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College Football

The Growing LSU Scandal Now Includes Les Miles

Then-LSU head football coach Les Miles looks on during the game against the Auburn Tigers at Jordan-Hare Stadium on September 24, 2016 in Auburn, Alabama.
Kevin C. Cox/Getty Images

In 2013, Les Miles was one of the biggest names in college football, if not all of sports. Under his reign as head coach, the LSU Tigers made two national championship game appearances, including one win, and were constant fixtures in the Associated Press Top 25. That year, Miles signed a seven-year contract extension paying him $4.3 million per year, and the Tigers posted a respectable record of 10-3, making it to and winning the Outback Bowl. In the media, Miles was largely portrayed as a lovable weirdo, best known for chewing on grass.

But as more information has been reported about LSU’s years of failing to take reports of sexual misconduct and intimate-partner violence seriously, including cases that involved football players, it was hard to ignore the unsaid questions of what did Miles do and what did he know. Late last week, a few answers to those questions started to emerge. The Advocate reported that Miles had reached a secret settlement with a former student who said that Miles had harassed her, while USA Today reported that an internal investigation was done in 2013 into information that Miles had “sexually harassed and made sexist comments about student workers.”

The settlement, per the Advocate, was reached about a decade ago. Three sources told the publication that an intern with LSU athletics said Miles had hit on her. When asked by the Advocate, Miles said “that’s not true,” but he would not directly talk about the settlement. His lawyer, Peter Ginsberg, also did not deny the existence of the settlement.

As for the 2013 investigation, little is known about it publicly because LSU has refused to release any copies of it. USA Today submitted a public records request for the report after learning of its existence, but the university refused to release a copy. In response, USA Today sued LSU in East Baton Rouge District Court, saying the documents should be made public. Both Miles and LSU are fighting against their release. District Court Judge Chip Moore “indicated that the bulk of it should be made public,” USA Today reported, but for now the documents remain under seal.

There is one tiny detail that has come out about what was happening at LSU in 2013, from the Advocate‘s Andrea Gallo, who talked to LSU’s former human resources director A.G. Monaco. Monaco recalled to Gallo a phone conversation he had with Vicki Crochet, a lawyer for Taylor Porter, the firm that conducted the 2013 investigation:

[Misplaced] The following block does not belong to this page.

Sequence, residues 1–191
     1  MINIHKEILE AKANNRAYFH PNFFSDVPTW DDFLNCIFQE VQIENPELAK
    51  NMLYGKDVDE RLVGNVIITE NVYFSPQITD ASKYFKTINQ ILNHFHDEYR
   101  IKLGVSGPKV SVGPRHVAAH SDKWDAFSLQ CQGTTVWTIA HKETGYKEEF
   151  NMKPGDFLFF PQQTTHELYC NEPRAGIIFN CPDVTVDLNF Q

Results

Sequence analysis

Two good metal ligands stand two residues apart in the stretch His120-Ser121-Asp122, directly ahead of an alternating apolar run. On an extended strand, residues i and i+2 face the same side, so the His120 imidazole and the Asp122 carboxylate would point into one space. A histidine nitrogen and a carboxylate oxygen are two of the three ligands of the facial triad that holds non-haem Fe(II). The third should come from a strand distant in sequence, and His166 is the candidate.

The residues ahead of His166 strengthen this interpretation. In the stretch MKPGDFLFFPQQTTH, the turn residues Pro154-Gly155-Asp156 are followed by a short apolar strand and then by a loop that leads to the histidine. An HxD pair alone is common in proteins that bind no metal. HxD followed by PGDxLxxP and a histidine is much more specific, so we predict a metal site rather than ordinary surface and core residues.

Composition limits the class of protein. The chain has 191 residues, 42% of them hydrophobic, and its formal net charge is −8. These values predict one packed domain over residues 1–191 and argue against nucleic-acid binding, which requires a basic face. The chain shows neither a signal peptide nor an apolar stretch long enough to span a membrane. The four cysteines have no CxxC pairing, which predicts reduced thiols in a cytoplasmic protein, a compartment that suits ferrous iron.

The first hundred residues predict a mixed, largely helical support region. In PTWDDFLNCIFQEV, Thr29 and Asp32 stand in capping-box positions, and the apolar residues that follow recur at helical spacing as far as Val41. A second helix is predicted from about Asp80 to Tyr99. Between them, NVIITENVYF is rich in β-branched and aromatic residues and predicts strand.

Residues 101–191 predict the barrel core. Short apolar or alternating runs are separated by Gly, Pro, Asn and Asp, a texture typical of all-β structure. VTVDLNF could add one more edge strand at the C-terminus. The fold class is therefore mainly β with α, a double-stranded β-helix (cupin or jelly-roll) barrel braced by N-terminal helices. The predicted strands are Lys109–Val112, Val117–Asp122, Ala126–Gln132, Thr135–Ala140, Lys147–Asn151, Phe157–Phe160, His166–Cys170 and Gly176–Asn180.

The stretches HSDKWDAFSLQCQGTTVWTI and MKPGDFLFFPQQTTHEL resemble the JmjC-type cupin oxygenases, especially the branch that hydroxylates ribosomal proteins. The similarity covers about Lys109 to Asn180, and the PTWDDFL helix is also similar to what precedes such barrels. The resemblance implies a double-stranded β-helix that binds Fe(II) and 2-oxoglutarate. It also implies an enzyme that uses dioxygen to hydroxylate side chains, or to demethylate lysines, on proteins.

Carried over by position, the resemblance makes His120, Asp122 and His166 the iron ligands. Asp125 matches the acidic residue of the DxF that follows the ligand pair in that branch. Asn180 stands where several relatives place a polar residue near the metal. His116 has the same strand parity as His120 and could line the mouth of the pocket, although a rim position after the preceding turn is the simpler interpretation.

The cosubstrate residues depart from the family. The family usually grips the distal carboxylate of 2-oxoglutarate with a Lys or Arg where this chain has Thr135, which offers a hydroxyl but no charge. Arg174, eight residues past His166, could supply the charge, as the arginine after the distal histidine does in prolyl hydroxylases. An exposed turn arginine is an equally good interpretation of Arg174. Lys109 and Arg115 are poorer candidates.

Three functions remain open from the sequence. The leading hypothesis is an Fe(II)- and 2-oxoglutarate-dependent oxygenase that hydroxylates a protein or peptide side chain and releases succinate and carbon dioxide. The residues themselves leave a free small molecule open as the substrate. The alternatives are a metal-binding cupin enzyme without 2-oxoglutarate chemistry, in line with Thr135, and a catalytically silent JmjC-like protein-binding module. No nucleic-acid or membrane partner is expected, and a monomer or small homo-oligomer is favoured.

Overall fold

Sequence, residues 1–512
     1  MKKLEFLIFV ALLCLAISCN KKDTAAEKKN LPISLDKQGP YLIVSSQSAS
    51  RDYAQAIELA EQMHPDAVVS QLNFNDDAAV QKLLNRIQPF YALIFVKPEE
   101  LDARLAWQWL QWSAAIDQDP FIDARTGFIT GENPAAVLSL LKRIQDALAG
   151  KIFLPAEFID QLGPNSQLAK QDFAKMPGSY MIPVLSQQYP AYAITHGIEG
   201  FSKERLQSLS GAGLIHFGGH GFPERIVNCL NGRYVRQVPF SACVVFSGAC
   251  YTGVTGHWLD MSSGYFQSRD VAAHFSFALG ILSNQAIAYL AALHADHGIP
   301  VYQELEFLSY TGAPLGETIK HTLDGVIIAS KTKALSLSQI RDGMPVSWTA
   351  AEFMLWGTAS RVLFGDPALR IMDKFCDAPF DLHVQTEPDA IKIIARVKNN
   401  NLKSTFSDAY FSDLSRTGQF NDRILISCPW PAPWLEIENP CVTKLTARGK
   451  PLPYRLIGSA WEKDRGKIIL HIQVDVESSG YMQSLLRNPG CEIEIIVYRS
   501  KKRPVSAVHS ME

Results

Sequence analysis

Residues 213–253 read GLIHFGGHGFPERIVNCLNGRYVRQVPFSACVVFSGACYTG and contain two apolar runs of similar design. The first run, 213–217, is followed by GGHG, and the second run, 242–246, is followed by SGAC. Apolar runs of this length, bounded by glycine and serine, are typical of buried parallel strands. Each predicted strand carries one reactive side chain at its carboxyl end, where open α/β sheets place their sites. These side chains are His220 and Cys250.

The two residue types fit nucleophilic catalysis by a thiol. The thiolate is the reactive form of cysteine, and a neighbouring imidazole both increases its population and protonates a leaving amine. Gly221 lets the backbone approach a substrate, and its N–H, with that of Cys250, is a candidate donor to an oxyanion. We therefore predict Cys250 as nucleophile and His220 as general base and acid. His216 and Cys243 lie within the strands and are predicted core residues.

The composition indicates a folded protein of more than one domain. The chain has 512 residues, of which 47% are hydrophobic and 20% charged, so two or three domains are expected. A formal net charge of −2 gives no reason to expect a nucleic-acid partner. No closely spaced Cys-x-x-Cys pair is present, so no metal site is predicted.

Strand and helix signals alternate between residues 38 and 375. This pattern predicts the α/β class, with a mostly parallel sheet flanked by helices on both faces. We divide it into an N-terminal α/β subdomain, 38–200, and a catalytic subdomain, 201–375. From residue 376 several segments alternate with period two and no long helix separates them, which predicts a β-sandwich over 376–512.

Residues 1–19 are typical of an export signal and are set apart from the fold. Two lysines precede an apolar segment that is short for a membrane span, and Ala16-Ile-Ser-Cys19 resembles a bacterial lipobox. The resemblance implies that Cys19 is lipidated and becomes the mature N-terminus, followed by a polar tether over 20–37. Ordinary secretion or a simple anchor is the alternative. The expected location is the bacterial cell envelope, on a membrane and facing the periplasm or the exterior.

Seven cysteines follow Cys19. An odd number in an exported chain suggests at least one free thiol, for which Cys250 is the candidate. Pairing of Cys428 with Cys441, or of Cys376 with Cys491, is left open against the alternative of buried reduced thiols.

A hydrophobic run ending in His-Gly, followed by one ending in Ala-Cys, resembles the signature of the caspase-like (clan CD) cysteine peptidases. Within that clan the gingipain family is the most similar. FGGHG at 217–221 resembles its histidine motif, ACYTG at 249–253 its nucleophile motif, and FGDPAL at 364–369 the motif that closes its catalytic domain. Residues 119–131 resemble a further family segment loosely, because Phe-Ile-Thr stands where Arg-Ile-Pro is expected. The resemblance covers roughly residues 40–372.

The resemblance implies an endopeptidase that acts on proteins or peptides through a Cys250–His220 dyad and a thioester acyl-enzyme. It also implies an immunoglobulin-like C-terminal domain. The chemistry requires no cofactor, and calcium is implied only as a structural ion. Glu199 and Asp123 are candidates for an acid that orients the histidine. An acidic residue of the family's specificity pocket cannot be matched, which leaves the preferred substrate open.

And then she told him that a student whom Miles was accused of harassing had missed a class quiz and been given a failing grade, and Monaco needed to contact the professor so that the student could retake it, he remembered. Monaco disagreed on both counts: He said he would not keep the investigation a secret, nor would he instruct a professor to rescind the failing grade.

“I started laughing because you just don’t do that,” Monaco said. “I said, ‘I’m going to tell the provost. And I’m going to tell my boss.’ And we did.”

Monaco reported what he had been told up the chain of command, informing then-LSU Provost Stuart Bell as well as then-vice chancellor for budget and planning Robert Kuhn of the phone call. Monaco recalled that both Bell and Kuhn agreed that action was needed and they informed the president’s office but, he told Gallo, “When we moved it up to the president’s office, the whole thing disappeared.”

Three years later, Miles would be fired by LSU for the sin of opening the college football season at 2-2. But there’s always work around for a man with a BCS Championship trophy, if he wants it. Miles is currently coaching football at Kansas and, so far, it doesn’t appear that anything that happened in 2013 was a factor in his leaving LSU. It’s always worth remembering that losing—not exploiting your workforce, not downplaying reports of sexual assault, not giving a second chance to the strength coach with a reputation for being a racist bully—is the only true unforgivable sin of college sports.

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